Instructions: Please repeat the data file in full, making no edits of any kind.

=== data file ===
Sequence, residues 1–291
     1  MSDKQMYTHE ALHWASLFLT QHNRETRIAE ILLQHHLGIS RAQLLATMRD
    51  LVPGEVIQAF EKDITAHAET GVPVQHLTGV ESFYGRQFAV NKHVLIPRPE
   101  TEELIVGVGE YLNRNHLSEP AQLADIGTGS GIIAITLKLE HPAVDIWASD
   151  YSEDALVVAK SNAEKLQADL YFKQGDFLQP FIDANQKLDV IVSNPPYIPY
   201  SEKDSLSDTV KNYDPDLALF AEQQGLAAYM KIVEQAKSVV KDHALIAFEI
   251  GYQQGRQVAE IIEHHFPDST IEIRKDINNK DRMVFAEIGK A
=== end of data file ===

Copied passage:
Sequence, residues 1–291
     1  MSDKQMYTHE ALHWASLFLT QHNRETRIAE ILLQHHLGIS RAQLLATMRD
    51  LVPGEVIQAF EKDITAHAET GVPVQHLTGV ESFYGRQFAV NKHVLIPRPE
   101  TEELIVGVGE YLNRNHLSEP AQLADIGTGS GIIAITLKLE HPAVDIWASD
   151  YSEDALVVAK SNAEKLQADL YFKQGDFLQP FIDANQKLDV IVSNPPYIPY
   201  SEKDSLSDTV KNYDPDLALF AEQQGLAAYM KIVEQAKSVV KDHALIAFEI
   251  GYQQGRQVAE IIEHHFPDST IEIRKDINNK DRMVFAEIGK A